Scientific Task Force on Avian Influenza and Wild Birds Issues Recommendations
In response to recent large-scale outbreaks of highly pathogenic avian influenza (HPAI) in wild birds, the Secretariat of the Convention on the Conservation of Migratory Species of Wild Animals (CMS) and the Food and Agriculture Organization of the United Nations (FAO) convened the Scientific Task Force on Avian Influenza and Wild Birds.
The highly pathogenic avian influenza H5N1 virus, plus other subtypes including H5N8 caused multiple avian influenza outbreaks that occurred in the UK, The Netherlands, Israel, and India seriously affecting wild birds.
The Scientific Task Force on Avian Influenza and Wild Birds provided recommendations and guidance for authorities and managers of countries affected or at risk.
CMS Executive Secretary Amy Fraenkel said: "We are pleased to share the advice of the Task Force and key recommendations for countries affected or at risk, and look forward to continuing our collaborative work to minimize risks to humans, poultry and wild populations of migratory birds."
Wild birds, including globally threatened species, are victims of HPAI viruses causing avian influenza. Affected sites also include areas of international relevance for conservation such as protected wetlands.
Authorities with responsibility for animal health should apply One Health approaches for communicating and addressing avian influenza. That means recognizing that the health of humans, domestic and wild animals, plants, and the wider environment are interlinked and acting with a coordinated and unified approach.
It is recommended that surveillance and biosecurity measures be reinforced to reduce spillover risk between poultry and wild birds. Authorities need to fulfil their international obligations to avoid the culling of wild birds and damage to natural ecosystems, especially wetlands.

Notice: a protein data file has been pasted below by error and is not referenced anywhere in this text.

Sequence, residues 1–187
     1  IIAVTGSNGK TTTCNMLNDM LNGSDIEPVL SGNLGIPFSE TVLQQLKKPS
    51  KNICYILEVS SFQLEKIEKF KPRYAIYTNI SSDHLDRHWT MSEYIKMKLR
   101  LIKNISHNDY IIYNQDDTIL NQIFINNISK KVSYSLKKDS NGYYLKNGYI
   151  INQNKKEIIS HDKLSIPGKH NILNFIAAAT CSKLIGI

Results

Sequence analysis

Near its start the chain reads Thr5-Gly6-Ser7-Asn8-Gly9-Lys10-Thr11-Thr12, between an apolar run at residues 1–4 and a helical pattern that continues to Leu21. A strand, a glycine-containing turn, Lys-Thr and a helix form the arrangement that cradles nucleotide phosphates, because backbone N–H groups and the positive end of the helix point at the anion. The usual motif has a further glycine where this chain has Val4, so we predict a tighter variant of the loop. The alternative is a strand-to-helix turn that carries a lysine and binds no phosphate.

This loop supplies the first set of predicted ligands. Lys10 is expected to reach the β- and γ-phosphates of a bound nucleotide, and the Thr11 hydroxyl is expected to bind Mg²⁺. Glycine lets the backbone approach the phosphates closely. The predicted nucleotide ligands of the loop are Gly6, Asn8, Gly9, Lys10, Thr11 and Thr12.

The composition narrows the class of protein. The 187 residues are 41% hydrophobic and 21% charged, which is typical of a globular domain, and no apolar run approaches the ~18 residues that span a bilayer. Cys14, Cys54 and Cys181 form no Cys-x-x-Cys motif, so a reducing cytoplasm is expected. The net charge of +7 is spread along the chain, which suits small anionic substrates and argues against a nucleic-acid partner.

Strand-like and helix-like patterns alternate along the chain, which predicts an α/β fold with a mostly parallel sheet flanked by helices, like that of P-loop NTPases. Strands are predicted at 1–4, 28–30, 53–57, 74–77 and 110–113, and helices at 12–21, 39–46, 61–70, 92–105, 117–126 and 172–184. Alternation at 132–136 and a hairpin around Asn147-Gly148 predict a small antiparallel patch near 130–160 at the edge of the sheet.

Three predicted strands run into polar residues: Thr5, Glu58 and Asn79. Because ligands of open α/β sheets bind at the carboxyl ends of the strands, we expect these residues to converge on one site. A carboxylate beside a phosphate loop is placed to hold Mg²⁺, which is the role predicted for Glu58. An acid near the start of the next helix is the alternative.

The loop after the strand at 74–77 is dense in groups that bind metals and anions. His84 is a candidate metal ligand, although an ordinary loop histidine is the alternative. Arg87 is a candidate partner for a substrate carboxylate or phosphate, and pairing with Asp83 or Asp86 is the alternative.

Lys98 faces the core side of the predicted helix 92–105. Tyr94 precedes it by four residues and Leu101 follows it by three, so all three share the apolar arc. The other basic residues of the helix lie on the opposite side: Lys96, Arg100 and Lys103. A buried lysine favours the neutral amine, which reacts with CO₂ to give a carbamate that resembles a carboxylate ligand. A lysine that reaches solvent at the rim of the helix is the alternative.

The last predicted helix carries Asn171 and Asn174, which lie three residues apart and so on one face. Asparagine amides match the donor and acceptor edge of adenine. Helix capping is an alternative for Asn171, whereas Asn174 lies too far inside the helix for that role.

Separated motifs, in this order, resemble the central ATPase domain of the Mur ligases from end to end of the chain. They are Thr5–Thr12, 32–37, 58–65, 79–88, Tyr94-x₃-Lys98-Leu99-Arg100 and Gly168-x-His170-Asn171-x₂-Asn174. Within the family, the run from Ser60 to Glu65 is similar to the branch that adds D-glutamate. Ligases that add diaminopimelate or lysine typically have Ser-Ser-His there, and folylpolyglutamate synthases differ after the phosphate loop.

Dr. Ruth Cromie, coordinator of the Task Force said: "Avian influenza represents a One Health issue threatening health across the board. The highly pathogenic viruses are still relatively new in wild birds and this winter's high levels of mortality remind us of their vulnerability and that working to promote healthy wildlife benefits us all."
H5N1 is currently the avian influenza lineage most found in Africa and Eurasia in both poultry and wild birds. It affects wildfowl, waders, gulls, cranes, grebes, herons, pelicans, gamebirds, corvids and raptors, and occasionally mammals such as Red Fox (Vulpes vulpes), Eurasian Otter (Lutra lutra) and Harbour (Phoca vitulina) and Grey Seal (Halichoerus grypus).
In terms of human health, the currently circulating H5N1 HPAI viruses do not seem to pose the same zoonotic risk as the 'original' Asian lineage H5N1 (clade 2.2 and their derivatives plus clade 18.104.22.168b H5N6 viruses currently in China). Considering people working on poultry culling operations, the risk can be considered as moderate.
General recommendations concerning different categories of animals affected include:
• There is no benefit in attempting to control the virus in wild birds through culling or habitat destruction
• All those with responsibilities for animal health are reminded of the advice of FAO and OIE, and international obligations under CMS, the Ramsar Convention and the Agreement on the Conservation of African-Eurasian Migratory Waterbirds (AEWA), to ensure that there is no consideration of killing of wild birds, spraying toxic products or negatively affecting wetland and other habitats as disease control measures
• Responses to HPAI in poultry must follow OIE international standards, guidelines and recommendations on notifications, surveillance, diagnosis, trade and control measures
• Biosecurity should include efforts to prevent the spread of infection from infected poultry holdings to wild birds
• A reorganization of poultry production systems highly susceptible to avian influenza exposure will minimise the risk of virus introduction and further spread
• There is no justification for any pre-emptive culling of zoological collections